True Lies, Bollywood and #MeToo

One year ago, on the night of October 16, 2017, Alyssa Milano sent out a tweet with a simple message: If you’ve ever been sexually assaulted, reply to this message with the words MeToo. She woke up the next morning to fifty-five thousand replies.


#MeToo took on a life of its own, yet it had its share of sceptics — sceptics who were proved wrong when Bill Cosby walked out of the courtroom in handcuffs. It took sixty women to come forward and say MeToo, before one affluent, powerful and famous man could finally be convicted for his crimes.

No wonder then that Tanushree Dutta has her work cut out. Thankfully, she is gradually finding a growing number of supporters in Bollywood as India faces its own #Metoo reckoning. But will she find enough support in India, where slut-shaming and victim-blaming are so rampant?

I remember an incident that took place decades ago in Goa. As four of us friends walked towards our hotel room at night, we noticed that we were being followed by a small cohort of loud, drunken men. We hurriedly shut our door, locked it, and exhaled in relief when their laughter died down. And then, 15 minutes later, someone knocked.

“Who is it?” one of us asked, and received no reply. Instead, the knocking grew in intensity, becoming louder and louder, and soon it turned into banging, by which time we were in a state of panic. The telephone in our room was not working, so we couldn’t call our friends who were in other rooms, or anyone else. We didn’t have mobile phones either. The year was 1994, and none of us had even seen one outside of Star Trek!

Eventually, the banging stopped.

The next morning we complained to the hotel manager. A guest seated at the reception who overheard our conversation, declared that he was a police detective and fished out his badge. I was suitably impressed, until he asked us this question:

“What were you wearing?”

He went on to tell us that he had observed our group last night, and remarked that we had been in ‘inviting’ clothing and had been dancing in compromising positions.

We had complained because we wanted a phone in our hotel room, so should this happen again we could use it! How did the matter of our clothing figure in this? And what was all this talk about compromising positions?

Before we could launch a scathing attack on the detective, some boys in our group confessed to being the culprits. They had donned a mask and had been planning to give us a scare. It was meant to be a harmless prank, and when they realised how frightened we had been, they apologised profusely.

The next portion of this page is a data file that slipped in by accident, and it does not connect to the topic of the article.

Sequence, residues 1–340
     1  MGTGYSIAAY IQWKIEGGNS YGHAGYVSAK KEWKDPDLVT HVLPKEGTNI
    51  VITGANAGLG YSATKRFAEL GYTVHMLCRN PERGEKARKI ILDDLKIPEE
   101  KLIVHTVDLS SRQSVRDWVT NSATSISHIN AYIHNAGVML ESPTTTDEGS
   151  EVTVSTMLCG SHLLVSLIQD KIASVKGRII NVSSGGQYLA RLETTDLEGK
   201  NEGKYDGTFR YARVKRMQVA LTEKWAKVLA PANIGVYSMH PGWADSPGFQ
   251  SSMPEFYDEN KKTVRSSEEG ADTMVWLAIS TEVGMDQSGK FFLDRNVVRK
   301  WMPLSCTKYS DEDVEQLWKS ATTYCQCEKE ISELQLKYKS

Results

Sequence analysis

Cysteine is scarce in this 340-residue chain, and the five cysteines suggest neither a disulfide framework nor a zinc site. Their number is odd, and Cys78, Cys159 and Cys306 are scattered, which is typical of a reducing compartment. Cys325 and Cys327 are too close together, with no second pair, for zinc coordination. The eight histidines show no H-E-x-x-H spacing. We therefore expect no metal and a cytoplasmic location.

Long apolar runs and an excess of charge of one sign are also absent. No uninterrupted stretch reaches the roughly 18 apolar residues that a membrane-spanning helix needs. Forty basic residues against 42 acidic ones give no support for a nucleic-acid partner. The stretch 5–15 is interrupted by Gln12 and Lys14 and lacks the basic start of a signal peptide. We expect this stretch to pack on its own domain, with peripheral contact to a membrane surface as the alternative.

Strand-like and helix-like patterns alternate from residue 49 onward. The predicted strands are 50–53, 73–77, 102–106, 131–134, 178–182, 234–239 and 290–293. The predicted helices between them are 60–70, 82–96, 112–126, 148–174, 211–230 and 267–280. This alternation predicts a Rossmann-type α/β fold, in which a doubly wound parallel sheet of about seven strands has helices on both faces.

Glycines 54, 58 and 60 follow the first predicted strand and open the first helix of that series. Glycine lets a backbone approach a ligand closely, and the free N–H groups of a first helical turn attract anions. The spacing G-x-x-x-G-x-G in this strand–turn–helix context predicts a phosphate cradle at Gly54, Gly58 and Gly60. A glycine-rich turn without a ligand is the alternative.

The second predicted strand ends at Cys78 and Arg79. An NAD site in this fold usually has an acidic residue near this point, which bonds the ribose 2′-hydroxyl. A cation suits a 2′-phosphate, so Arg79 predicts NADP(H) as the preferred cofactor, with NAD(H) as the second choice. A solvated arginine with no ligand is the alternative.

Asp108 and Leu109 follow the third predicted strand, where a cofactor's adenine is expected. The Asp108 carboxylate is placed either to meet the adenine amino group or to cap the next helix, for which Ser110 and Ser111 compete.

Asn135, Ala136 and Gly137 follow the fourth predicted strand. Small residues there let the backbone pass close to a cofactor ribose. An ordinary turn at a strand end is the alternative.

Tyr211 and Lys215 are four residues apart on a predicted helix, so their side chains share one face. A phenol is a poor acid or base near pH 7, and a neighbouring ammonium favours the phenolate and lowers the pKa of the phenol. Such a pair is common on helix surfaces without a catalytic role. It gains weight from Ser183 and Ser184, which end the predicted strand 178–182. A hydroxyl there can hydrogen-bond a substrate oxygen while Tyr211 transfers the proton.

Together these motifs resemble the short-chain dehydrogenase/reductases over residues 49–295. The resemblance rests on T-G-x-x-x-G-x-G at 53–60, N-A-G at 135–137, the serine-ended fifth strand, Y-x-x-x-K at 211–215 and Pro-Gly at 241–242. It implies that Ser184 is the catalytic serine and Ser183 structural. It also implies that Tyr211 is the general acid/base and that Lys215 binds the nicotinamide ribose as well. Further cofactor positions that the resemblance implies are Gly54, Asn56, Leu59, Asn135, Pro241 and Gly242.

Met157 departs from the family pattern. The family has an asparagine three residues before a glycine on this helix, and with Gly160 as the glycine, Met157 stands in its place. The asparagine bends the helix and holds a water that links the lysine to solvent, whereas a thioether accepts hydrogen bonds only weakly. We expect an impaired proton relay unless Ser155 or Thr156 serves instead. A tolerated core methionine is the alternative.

The manager immediately agreed to shift us to another room — this time with a phone that worked — and we walked off, rolling our eyes at the sheepish detective with his bogus theories.

Victim-blaming or slut-shaming is nothing new. Although arguments in the perpetrators’ favour defy logic, they just don’t go away and we hear them repeated, over and over. We know that women in salwar-kameezes, saris or burkhas get assaulted, children and babies get assaulted! When will we realise that it doesn’t matter what she wore or where she was. She was at the right place at the right time, wearing the right clothes. She just came across the wrong person.

After Tanushree Dutta spoke out about the harassment she had faced, she was immediately trolled for wearing ‘provocative clothing’ and performing ‘obscene’ dance moves. Why, she had it coming! The message is clear: if she can wear such clothes and perform intimate scenes with one man, she should be okay doing the same with anyone and everyone, anywhere and at anytime.

When we were teenagers, a friend was assaulted by the lift-man in our building. When questioned, the lift-man said he had seen her with her boyfriend. He figured she wouldn’t mind if he tried to get fresh with her. The thought-process seems startlingly familiar. ‘If she can do it with him, why not with me?’ For any woman not with her husband is deemed to be a vamp, and thus, fair game.

Perhaps the problem lies with Bollywood, where only two kinds of women are portrayed: the vamp and the virtuous, and nothing in between. An entire generation of men grow up believing that a woman falls into one of these two categories, depending on her behaviour or clothing. They also believe that they can get anyone they want, for Bollywood teaches them that the way to a woman’s heart or body is simply chasing her into submission.

Really, it’s not.

I’m waiting for a movie to come out where a woman turns down a man, and he accepts it without taking it as a personal challenge or an insult. A movie where, when she says no, he hears it.

Until then, if you’re confused between real and reel life, think back to the dismissive statement made by an actor loved by millions by virtue of his larger-than-life idealistic roles. The fact that he could mock this burning issue without a second thought is proof enough as to how big a lie all of it is.


(This article was published in The Hindu, Open Page, on the 7th Oct, 2018.)

2 thoughts on “True Lies, Bollywood and #MeToo

  1. I think the movie was Arth, with Shabana Azmi and Smita Patil. About infidelity. In the last scene, when the erring husband asks for forgiveness, the wronged wife, played by Shabana, slaps him and walks out. It came as a jolt for me. I was young, and used to the man being eventually forgiven. It was like, “maine kiya, so what. now that I have realised my mistake, which I am allowed to make again, I should be forgiven.” I agree with you, Bollywood has a big role to play in a lot of our “culture” today. It needs to get real.

    Liked by 1 person

    1. We often don’t even realise what a big role Bollywood or the movies we watch play in shaping our personalities and beliefs.. As for Arth, think I just saw it in bits and pieces.. but if that’s what happened, then it was a movie ahead of its time. Will watch it.. thanks 🙂


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